Hi there Radaghast.
I would say, the amount of traffic generated by utilities like namebench or dnsbench is tiny in comparison to something like a DoS or DDoS attack. Moreover, an attack, for the most part, tends to be sustained, whereas the traffic generated by utilities are short lived.
You're probably right about that, and your point is well taken.
Still, I wonder where some ISPs draw their line in the sand. Do they meter such
traffic on a network or server level, or is there even a difference nowadays?
And if they do throttle one's DNS usage, is it done on a dynamic, adaptive basis
(w DNS queries in x Seconds results in a limit of y queries for the next z minutes)?
Or do you just have to "spring the trap" once to get permanently throttled?
While not entirely analagous, I recently faced a similar situation with a large U.S.
West-coast ISP regarding my access to outbound port 25. In my case, their
network management system was neither dynamic nor adaptive, but certainly
reactive. One day, completely out of the blue, I received a mysterious e-mail
from the ISP, essentially stating "We've recently noticed an increase in use of
port 25 from your IP address, so we've blocked it. Don't even ask to get it back."
No, I wasn't spamming, nor was my machine infected. I have a feeling that
the message was generated by an automaton, without any human intervention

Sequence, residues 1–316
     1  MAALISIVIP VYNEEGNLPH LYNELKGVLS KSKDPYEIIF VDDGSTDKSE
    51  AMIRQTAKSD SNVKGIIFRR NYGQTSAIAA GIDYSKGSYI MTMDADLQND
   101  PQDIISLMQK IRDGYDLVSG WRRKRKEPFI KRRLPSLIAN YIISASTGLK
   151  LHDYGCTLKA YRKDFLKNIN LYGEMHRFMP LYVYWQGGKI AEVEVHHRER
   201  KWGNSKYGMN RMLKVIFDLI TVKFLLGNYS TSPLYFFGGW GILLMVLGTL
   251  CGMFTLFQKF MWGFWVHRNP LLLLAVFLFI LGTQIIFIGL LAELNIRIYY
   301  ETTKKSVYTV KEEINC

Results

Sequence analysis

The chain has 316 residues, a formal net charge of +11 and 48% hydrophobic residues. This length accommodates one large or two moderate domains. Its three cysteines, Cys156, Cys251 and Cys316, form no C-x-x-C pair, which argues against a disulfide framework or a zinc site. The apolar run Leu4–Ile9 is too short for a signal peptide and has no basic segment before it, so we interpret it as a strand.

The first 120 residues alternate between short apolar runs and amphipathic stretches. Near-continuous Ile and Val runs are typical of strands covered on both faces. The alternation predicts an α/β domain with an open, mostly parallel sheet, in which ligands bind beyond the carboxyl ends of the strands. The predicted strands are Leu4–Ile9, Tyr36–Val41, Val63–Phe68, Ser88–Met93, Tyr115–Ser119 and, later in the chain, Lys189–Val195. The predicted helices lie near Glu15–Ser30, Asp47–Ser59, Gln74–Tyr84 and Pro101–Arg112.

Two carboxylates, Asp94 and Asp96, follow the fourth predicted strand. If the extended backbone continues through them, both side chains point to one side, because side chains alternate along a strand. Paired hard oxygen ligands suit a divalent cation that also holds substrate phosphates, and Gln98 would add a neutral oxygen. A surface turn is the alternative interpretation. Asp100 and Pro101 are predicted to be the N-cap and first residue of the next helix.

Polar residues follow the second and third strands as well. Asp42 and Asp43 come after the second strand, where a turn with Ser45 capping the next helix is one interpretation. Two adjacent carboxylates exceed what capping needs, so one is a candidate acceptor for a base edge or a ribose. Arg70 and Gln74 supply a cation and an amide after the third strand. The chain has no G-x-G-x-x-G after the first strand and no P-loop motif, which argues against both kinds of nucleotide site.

To put it in perspective, most modern browsers support DNS-prefetching and in some cases link pre-fetching. if one visits a site with a large number off-site links, it's easy to generate dozens of DNS requests as well as generating additional traffic for link fetching.
I really wasn't aware of this fact. Guess I haven't been keeping up on current
events. Thanks for that insight.
It's also worth looking at the statistics for some of the well known DNS servers. For example you can look at the root name server statistics - C. ROOT - SERVERS .NET to get some idea of how many queries per second they're handling and compared to something like Google public DNS, these numbers are quite low.
It looks like they handle about 20,000 to 25,000 queries per second.
I'll admit, that's a lot. One of the benchmarking tools is configurable.
So.. if you tell it to do 5000 lookups, and it does that over the course
of a couple minutes, even though the total number of queries can
be quite high, the load on any given server won't be all that great,
On the other hand, if your ISP is metering the number of UDP
connections to port 53 from a given IP address over a specific
period of time, that might raise a flag in their network management
I might also mention that Google advocate the use of namebench for DNS testing in the FAQ for the public DNS servers
Personally, I never pay much attention to what Google advocate, or not.
Yet, I find this interesting.
Thanks again for your post!